It's time to change how we sign up


When was the last time you interacted with a sign up process where it was easy to understand the terms?

The answer for pretty much everyone is, “Never”.

That’s because sign up processes are designed to reduce friction (cognitive load) and get you into the product or service quickly. There is actually an argument to support optimising for Time to Value. But, as we’ve called out before, our metrics drive what we designed. What we design impact behaviour. How people behave has consequences.

Design is never neutral, regardless of what the folks pushing for technological instrumentalist might say.

We’ve developed a pretty distinct, evidence-backed, empirically driven design approach to terms and conditions, privacy notices and other common disclosures. This work has profound potential. Not because it changes UX, visual or interaction design patterns, but because it can change the very nature of power relationships. Changing the fundamental assumptions on which our modern society is built has the potential to change society itself. 

We’ll be covering all of this and more over the coming weeks. some of it in direct response to the recently released Netflix documentary, The Social Dilemma.

For now, let’s talk about the problem that can be directly tackled by all teams within all roganisation today.

The Agreement Bypass Bias

The behavioural phenomena individuals consistently exhibit when interacting with standard legal disclosures and contracts. The result is that a pre-ticked box stays ticked, a tick box is quickly ticked or a button is clicked to "accept", all without the individual actively engaging with the content of the disclosure.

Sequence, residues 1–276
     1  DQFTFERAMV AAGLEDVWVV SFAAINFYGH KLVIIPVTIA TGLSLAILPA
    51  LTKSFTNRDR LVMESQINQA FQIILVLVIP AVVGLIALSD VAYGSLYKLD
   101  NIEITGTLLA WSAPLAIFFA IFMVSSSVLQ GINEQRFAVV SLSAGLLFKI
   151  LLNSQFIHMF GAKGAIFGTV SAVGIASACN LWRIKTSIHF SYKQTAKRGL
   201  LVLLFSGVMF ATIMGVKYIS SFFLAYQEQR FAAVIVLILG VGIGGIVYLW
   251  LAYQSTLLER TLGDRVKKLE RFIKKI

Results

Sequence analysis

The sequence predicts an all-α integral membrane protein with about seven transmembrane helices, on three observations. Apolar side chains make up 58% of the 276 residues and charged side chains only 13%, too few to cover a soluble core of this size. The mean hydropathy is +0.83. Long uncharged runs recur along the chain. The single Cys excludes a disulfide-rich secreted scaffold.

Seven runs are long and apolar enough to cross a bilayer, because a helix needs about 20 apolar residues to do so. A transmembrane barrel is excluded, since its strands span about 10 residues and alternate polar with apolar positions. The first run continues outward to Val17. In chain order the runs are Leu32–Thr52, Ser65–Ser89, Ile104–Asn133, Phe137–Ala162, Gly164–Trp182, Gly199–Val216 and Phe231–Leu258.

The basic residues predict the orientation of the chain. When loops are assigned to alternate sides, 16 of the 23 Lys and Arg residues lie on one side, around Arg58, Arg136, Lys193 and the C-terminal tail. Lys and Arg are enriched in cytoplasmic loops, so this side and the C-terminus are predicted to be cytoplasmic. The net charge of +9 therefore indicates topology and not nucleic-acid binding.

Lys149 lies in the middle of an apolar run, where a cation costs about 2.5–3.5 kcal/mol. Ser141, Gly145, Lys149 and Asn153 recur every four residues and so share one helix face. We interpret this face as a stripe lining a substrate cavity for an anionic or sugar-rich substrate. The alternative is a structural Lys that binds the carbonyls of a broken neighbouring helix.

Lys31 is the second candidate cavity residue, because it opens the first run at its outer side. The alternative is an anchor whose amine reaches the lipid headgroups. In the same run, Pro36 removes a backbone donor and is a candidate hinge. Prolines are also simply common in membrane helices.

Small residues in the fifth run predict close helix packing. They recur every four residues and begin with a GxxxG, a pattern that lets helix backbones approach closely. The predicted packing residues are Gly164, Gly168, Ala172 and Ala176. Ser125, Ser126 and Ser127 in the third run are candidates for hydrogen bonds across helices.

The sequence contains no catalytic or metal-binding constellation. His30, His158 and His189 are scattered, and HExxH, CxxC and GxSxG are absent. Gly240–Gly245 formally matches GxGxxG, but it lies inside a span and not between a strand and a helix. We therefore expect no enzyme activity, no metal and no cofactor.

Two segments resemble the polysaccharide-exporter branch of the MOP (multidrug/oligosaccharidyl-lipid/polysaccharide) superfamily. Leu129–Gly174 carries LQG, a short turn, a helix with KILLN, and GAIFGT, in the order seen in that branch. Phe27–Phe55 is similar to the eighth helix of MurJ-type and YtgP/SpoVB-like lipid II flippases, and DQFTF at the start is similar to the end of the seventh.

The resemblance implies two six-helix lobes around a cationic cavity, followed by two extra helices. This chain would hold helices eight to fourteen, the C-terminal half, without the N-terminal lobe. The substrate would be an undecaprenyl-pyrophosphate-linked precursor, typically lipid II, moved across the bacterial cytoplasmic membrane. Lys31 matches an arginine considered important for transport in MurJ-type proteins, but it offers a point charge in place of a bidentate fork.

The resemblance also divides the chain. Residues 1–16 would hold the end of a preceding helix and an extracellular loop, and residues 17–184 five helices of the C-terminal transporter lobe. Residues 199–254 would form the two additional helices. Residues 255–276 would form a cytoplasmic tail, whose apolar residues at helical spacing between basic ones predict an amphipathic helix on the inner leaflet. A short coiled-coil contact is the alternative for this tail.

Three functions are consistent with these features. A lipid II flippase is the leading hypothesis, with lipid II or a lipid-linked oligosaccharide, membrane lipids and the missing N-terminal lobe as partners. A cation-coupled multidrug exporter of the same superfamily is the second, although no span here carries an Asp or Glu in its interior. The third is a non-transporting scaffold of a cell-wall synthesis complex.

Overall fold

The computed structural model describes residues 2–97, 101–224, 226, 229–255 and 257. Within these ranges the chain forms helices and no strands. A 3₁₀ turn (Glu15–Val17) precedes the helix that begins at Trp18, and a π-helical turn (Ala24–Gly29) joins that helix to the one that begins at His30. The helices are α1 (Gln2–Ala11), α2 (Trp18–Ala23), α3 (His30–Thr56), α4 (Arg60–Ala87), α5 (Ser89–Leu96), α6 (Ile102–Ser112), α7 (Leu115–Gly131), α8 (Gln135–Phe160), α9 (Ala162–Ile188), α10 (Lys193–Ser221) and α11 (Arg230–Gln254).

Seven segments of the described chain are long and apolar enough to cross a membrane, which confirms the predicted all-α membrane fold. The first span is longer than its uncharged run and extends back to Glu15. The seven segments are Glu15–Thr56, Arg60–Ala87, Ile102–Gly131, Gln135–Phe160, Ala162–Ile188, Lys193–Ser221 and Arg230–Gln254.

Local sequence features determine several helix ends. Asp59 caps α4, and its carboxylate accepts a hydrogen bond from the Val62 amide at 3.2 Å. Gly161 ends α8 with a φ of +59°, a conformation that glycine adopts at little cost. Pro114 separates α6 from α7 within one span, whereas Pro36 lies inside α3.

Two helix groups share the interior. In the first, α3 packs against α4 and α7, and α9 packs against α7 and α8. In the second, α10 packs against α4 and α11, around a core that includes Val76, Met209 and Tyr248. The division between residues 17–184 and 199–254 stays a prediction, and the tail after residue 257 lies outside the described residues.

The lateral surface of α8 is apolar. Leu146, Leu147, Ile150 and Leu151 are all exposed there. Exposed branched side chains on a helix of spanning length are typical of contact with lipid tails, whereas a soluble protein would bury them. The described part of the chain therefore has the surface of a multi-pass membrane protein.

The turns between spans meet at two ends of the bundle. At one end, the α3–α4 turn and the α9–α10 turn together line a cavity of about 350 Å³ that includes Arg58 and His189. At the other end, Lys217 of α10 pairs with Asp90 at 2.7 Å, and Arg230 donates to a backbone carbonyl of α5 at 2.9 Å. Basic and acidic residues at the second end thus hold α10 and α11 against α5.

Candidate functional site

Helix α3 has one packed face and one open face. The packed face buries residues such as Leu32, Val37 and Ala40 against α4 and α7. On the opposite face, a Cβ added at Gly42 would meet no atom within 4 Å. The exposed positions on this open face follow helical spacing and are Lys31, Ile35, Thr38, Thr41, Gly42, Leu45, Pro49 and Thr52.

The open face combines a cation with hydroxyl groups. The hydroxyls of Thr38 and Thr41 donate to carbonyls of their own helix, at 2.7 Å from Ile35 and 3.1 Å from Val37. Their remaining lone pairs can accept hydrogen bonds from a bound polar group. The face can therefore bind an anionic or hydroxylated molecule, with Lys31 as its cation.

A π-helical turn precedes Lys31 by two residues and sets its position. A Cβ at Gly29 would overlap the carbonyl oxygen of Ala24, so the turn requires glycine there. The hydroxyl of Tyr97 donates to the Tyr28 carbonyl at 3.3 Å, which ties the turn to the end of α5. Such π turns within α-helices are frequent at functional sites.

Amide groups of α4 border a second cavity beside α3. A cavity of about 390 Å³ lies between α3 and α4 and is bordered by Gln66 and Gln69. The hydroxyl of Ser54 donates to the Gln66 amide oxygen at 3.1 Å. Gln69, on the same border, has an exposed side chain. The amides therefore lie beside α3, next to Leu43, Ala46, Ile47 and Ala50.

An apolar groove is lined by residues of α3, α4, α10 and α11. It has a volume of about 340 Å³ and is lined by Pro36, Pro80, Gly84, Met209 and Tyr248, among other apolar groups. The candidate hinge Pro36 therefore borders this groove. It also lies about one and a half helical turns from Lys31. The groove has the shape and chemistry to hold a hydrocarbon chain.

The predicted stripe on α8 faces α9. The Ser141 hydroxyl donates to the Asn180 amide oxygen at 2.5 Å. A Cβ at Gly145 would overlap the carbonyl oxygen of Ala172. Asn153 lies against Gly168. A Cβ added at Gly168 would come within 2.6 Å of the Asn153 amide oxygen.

Not an official definition. Just some basic framing to help you 'get it' for now 😊
The problem with this ‘learned behaviour’ is that it’s designed. Regardless of the pretty images and high quality design outputs leading organisations produce, they do not want to diving into, querying or challenging their terms. These are one way tickets. This is a zero sum game. You sign up or you [email protected]#! off.
An empowering thought indeed…

This isn't pre-ordained, so stop acting like it is

There isn’t some higher power that decided contracts and legal disclosures had to suck. ‘We’ have progressively – perhaps through socio technological engineering creep – enabled this to happen.

Because of this it’s important to acknowledge that we are empowered to change it. We can start #MakingBetterTogether.

But how...?

In simple terms, these are the steps:

  1. Deepen your understanding of the current state. If you want a detailed evidence kit, reply in the comments
  2. Start actively learning about Better Disclosure, Legal and Contract Design
  3. Use the Better Disclosure Canvas
  4. Take the outputs and produce a new version of your in focus disclosure
  5. Put it to the test
  6. Socialise the results and ensure you emphasis the uplift, and
  7. attain buy in to make this stuff real for the benefit of your organbisations, your customers and the broader systems of living we can’t help but interact with
These are the types of results that can be achieved when you do this.

When you're 'done', share what you learn openly

We need more examples of good. The only way we’ll start seeing these is if people like you do the above and publish what you’ve done.

If you want to start diving deeper, connect with Nate and Mat on LinkedIn. Start engaging in the discussions we’re having. We all have a long way to go. We can do it if we work together.

Big ❤️ as always.